“A beach is a beach is a beach,” my husband often says. And then in case anyone doubts what he’s trying to convey, he usually adds, “If you’ve seen one, you’ve seen ‘em all.”
He changed his tune this weekend. Playing the part of Mr. Nice Guy, he agreed to visit Folly Beach Friday and Tybee Island Saturday. I convinced him to visit these sandy strands by telling him I needed research for a future “beach book,” and since we were going to Rincon, GA for a family event anyway, it seemed like a good idea to kill two birds with one stone.
Folly Beach was first on my list, especially after reading that its pier is the second longest on the east coast. With great anticipation, we left Charleston after lunch at the Marina Variety Store Restaurant, a favorite of one of my Charleston friends, and headed towards James Island and Folly. The entire drive along Folly Road was awesome. So many interesting looking homes and businesses! Some homes were large and practically palatial in appearance while others were small, quaint, and weatherworn.
Before dead-ending into the pier, we turned left and immediately came up close and personal with locals charging from five to ten dollars for parking. We opted for a $5 spot, the last one available in a large grassy lot between houses. Excited, we practically ran to the beach to get a glimpse of the famous pier.
Was the sight worth the drive? Absolutely! The breeze, the fascinating mix of people, and the moderate temperature pumped my mood up a notch or two until I was practically borderline euphoric. The 24 foot wide pier extends more than 1045 feet into the Atlantic and was busy with people strolling about and fishermen staring out to sea in hopes of a bite. While there, I learned that several fishing tournaments are held on the Folly Beach Pier (a.k.a. Edwin S. Taylor Fishing Pier) each year.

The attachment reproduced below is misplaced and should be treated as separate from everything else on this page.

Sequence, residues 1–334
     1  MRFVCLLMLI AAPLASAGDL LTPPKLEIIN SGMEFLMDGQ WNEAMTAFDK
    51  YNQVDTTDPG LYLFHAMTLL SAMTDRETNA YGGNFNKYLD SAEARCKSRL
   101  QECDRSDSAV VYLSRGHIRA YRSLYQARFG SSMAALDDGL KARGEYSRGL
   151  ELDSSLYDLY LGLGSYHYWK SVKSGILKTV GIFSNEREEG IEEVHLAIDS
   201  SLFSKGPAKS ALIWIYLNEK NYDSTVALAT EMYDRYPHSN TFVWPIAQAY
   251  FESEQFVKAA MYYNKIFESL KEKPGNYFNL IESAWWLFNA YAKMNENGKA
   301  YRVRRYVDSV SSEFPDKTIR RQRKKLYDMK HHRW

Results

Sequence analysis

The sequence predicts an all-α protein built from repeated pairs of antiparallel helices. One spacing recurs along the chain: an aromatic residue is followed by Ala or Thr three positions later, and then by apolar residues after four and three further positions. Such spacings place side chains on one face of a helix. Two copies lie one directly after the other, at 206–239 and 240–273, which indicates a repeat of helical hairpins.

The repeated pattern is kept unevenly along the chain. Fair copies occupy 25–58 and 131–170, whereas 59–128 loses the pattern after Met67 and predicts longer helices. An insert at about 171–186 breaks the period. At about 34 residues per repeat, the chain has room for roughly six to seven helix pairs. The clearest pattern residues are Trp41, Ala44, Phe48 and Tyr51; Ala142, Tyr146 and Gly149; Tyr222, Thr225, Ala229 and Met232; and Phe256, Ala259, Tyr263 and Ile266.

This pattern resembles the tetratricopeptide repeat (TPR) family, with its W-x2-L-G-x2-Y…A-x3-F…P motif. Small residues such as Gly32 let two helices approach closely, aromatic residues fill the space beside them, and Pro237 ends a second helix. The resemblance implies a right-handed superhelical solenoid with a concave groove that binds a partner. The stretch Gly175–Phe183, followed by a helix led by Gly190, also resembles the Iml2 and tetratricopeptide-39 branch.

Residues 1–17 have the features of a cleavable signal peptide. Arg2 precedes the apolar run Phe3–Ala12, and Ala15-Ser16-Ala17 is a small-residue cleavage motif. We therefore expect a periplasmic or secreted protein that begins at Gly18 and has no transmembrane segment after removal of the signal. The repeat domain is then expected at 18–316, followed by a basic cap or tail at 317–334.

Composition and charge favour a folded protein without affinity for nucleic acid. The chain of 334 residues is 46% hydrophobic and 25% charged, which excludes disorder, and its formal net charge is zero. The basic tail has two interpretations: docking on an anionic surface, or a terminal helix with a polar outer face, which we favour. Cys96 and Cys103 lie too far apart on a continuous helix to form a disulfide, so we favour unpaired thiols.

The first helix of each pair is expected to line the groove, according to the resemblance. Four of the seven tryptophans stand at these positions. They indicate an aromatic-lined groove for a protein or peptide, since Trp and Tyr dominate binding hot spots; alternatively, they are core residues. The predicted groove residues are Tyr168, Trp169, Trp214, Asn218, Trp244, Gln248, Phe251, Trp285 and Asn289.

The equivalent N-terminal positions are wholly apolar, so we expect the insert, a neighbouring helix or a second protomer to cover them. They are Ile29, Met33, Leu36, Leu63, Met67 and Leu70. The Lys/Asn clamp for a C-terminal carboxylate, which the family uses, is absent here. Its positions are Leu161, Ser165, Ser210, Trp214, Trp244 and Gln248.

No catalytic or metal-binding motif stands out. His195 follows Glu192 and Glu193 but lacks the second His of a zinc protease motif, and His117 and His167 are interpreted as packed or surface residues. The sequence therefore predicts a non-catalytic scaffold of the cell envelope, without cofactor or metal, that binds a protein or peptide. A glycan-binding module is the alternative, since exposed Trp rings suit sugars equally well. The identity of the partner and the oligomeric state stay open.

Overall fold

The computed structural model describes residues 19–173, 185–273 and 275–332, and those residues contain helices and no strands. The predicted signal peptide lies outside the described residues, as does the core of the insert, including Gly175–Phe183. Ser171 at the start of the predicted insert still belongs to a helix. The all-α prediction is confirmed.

After snapping a couple of dozen pictures of the pier and beach, we wandered around the downtown area picking up the eclectic, seaside feel of the area. We then drove to the end of town to get a look at the Morris Island Lighthouse. When I say “end of town,” I’m being literal. When we stopped to ask a realtor putting up Open House signs how to get there, she said, “Turn right at the next street you come to, and then turn right again and keep driving until you can’t drive any farther.”
Five minutes later, we parked and began the trek down a narrow paved road towards the beach. Lined on both sides by lush vegetation, the pavement soon gave way to soft sand. Although we could see the lighthouse in the distance, it wasn’t until we climbed a small hill at the very end of the road that we could see it clearly. Awed, I admired it standing out on the tiny island, but I was equally impressed with the curved sandy beach and huge rocks right in front of us.
We stood gawking for few minutes as we noticed the people scattered along the shore, all reading and relaxing. Vowing to revisit this magical strip of sand at some future point, we reluctantly trudged back through the sand and down the paved road to our car. Minds and souls refreshed, we smiled at the birds flying in V-formation above us, glad we had taken the time to visit both the busy and quiet parts of Folly.
Little did I know what splendid views lay in wait for us at Tybee Beach the next day.